The bathrooms are average, but received an extra half star because hot water was readily available after a very short wait. This is a rare thing, but commendable. Keep up the good work, Penguins!

The Rehoboth Foodie

About the Author

"My goal is to promote Rehoboth Beach dining while remaining honest and impartial. I don’t gush unless a place deserves it, and I don’t pull punches, either. With so many good places to eat around here, it just doesn’t make sense to waste the calories — or the money — on anything less." View all articles written by The Rehoboth Foodie

Add Your Comment
  1. Jon & Lisa R says:

    Today we stopped at The Peguin for a quick lunch while we were at the beach. We had been here before the remodel and remarked that the transformation was more modern. What we didn’t expect was to pay for it with our meal.
    We ordered two salads and two iced teas and we nearly fell off our chairs when we received the bill…..$44.00 not including tip (which they graciously listed on the bottom of receipt starting at 18 % to 25 %). We had been out to dinner and paid less and got so much more in the area. While we were satisfied with the food we just didn’t expect to have to mortgage our house to get it.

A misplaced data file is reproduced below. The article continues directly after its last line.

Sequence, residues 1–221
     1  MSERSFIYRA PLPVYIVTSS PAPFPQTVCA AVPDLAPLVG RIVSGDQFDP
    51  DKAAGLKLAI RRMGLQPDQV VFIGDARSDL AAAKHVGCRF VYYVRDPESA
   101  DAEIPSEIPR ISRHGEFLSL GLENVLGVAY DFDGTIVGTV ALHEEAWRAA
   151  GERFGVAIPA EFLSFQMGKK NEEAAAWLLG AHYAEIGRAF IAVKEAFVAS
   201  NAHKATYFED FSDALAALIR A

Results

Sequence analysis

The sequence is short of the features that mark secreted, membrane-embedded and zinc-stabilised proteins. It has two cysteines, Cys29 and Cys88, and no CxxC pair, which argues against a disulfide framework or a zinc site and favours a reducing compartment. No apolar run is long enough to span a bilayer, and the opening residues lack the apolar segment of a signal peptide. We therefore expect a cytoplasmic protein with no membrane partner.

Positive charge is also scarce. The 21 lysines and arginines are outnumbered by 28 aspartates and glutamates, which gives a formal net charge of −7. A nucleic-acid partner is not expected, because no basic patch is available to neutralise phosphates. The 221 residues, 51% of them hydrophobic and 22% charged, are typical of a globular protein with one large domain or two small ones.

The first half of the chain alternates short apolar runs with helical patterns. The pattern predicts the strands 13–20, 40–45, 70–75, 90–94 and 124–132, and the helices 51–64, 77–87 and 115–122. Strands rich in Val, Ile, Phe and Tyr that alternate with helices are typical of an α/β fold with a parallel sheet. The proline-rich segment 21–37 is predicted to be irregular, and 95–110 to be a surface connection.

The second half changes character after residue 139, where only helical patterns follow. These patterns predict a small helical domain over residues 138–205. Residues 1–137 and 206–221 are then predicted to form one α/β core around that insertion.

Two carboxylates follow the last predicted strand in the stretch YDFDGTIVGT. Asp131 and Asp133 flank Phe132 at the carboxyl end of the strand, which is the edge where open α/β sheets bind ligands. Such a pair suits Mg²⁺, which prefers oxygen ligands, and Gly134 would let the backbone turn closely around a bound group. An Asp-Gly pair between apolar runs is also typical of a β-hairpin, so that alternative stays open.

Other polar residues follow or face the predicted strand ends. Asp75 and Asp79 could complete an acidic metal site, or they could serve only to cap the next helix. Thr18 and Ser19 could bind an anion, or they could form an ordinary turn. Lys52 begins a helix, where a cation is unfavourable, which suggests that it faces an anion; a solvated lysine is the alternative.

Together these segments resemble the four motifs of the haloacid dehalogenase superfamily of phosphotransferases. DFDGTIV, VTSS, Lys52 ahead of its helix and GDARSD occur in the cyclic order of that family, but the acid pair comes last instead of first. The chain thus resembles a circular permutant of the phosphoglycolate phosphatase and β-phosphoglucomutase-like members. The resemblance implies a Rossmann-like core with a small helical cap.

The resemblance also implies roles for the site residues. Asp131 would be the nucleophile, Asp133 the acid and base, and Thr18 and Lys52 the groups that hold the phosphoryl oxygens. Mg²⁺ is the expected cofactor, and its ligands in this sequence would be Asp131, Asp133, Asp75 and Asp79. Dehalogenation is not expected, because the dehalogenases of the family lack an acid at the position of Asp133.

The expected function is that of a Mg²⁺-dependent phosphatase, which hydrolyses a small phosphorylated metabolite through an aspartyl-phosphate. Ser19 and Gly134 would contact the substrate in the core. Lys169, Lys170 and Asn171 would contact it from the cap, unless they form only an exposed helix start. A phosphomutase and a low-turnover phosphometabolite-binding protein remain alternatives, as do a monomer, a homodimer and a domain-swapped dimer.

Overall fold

2. Mary Harahan says:

    Very expensive for a restaurant trying to appeal to families….a place to entertain kids if you have enough money to do so.

  3. John Kennett says:

    In the summer, I would love to see this place act more like a “real” diner and stay open late (11P-Midnight). It would be nice to have a late night food spot in Bethany. A 9PM closing just doesn’t cut it. I would think selling milk shakes and ice cream alone would make them a lot of money. Every summer night, I see countless numbers of people walking by, looking into a closed restaurant. Doesn’t make good business sense.